Using analysis, we can see Newport’s central midfield three lined up in an inverted pyramid style as below, with two of the three positioned higher up than the deeper Sheehan.
This meant that, when retreating against a ball played over to the Mansfield strikers, there was only one immediate midfielder coming back to quickly help out the defence versus an influx of on-rushing attacking midfielders (below). Yet against Tranmere – a team who can transition from back to front quickly will look to run over the opposition in midfield – they could be more inclined to position themselves with either two deeper players, or a more defensive-minded midfielder instead, such as they did at Field Mill in Bennett.
The 28-year old’s defensive nous allows him to pick up second balls thanks to clever initial positioning (first picture), and cover for any potential defensive lapses (second picture). Against such a rampant Tranmere attack, this intelligence could prove crucial.
Norwood an all-round talent
The highest-scoring player in all four English Football League divisions this season with 32 goals in all competitions, the 28-year-old has rightly caught the eye of clubs higher up the footballing pyramid. Yet, it is not just his goals that he brings to the pitch.
The potent frontman is as adept at coming up short as he is running in behind, whilst he is also frequently the focal point from which Tranmere playoff regularly (albeit from the floor as opposed to Newport’s aerial dependence on Matt). Furthermore, his finishing ability is nothing short of stunning.
The below snapshots highlight his capabilities at linking the play, going deep to then spin and also holding up the ball to allow teammates to come into the play, and all of these qualities allow Tranmere to play in a multitude of ways.
He also has a superb work ethic to ensure defenders aren’t comfortable in possession – a thankless task as a lone forward. If Newport can stop the service into Norwood or press as soon as the ball makes its way to the attacker, then they will stifle a big part of Tranmere’s attack
Harris leads Tranmere press
In his role at the head of the midfield triumvirate, Harris is tasked with using his seemingly limitless energy reserves to prevent opponents from playing from deep and disrupting their flow. The below image indicates his role in the side, pressing and harrying opponents to try and win the ball back and launch a counter attack.
He will often pause his press until the first pass out of the defence has been given and then use this as the trigger, pouncing on the recipient before he can have time to set himself and frequently winning his team the ball back high up the pitch.
If the diminutive Liverpudlian can, along with Norwood, use their enthusiasm and buoyancy to prevent the Newport backline from clipping balls into Matt then this will nullify the biggest weapon of their opponents.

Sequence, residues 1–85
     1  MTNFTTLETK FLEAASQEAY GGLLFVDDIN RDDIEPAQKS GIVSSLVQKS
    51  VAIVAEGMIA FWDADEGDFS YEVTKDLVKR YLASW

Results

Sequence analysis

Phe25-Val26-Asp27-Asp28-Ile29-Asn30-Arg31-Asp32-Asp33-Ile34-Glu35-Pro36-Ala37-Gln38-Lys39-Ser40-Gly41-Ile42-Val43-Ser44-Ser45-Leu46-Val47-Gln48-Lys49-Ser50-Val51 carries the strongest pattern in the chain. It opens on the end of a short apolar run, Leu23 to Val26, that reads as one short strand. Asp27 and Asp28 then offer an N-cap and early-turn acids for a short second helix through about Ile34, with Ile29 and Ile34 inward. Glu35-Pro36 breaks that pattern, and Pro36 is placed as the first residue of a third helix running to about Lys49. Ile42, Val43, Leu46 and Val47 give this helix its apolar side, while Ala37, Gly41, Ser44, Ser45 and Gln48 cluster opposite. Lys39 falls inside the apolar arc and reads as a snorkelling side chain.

Nous of Perkins vital all around the pitch
Whilst Harris may lead the high press, he is also joined by his experienced midfield colleague Perkins. The 36-year-old frequently uses Harris’ press as his trigger to press the next man, ensure that the opposition are penned in deep and cannot build attacks. As Newport do not look to go long from their midfielders but from their defenders, it would not be a surprise to see Harris and Perkins advance even higher without the ball and relentlessly harass the County backline to stop the supply line into Matt.
In addition to his tireless play without the ball, Perkins uses his vast experience to ensure his side can keep the ball in their defensive third and not fall victim to the pressing he himself is so good at.
He will often drop into a central defensive position to create an overload (below) and therefore give his team a better chance of circulating and keeping the ball as they are trying to build attacks, advancing them up the pitch slowly through his clever angles created and penetrative line-breaking passes.
Full-backs give width to attacks
The wide players on the side of the Rovers attacking ‘three’ – Morris and Jennings – do not operate as orthodox wingers and beat men on the outside, instead taking up clever positions inside within the half-space to give an overload for ball retention.
Tranmere often keeps the ball centrally before playing an incisive pass to one of their rampaging full-backs, however, this can only be facilitated by the timing and choice of movements from the aforementioned duo.
As soon as they take the ball centrally we can see that it vacates space for Caprice and Ridehalgh to quickly overlap and give genuine width and depth to their attacks, thereby keeping their numerical advantage centrally whilst also possessing threats from out wide. The disciplined Willmott and Amond will need to be constantly aware of the positions of the full-backs in order to prevent them from hurting Newport.
However, Tranmere must be wary of a break against their attack.
The attacking prowess of Caprice is a great threat going forward, yet it can be exposed through opposition counter-attacks. As Caprice gets so high to offer for the ball, the space he leaves behind him can be raided into and punished if Tranmere does not successfully retain the ball, as Forest Green demonstrate below.
As left-back Butler holds a penchant for attacking, Caprice must be equally aware of Butler’s capabilities going forward as Butler is of Caprice. If Newport are brave out of possession and gamble on themselves being able to contain Tranmere before penetrating the space left behind, then they may well prosper from the Tranmere full-backs’. They will look to support the forwards through diagonal and overlapping offensive runs.
It promises to be a fascinating affair between two outfits that each possess their own unique threats and dangers. Should either be allowed to stamp their style of play on proceedings then they certainly hold the ability to hurt their opponents, and the side who are able to dominate with their style whilst also accommodating for the strengths of the opposition will likely come out on top – and thereby take their place in the third tier next season.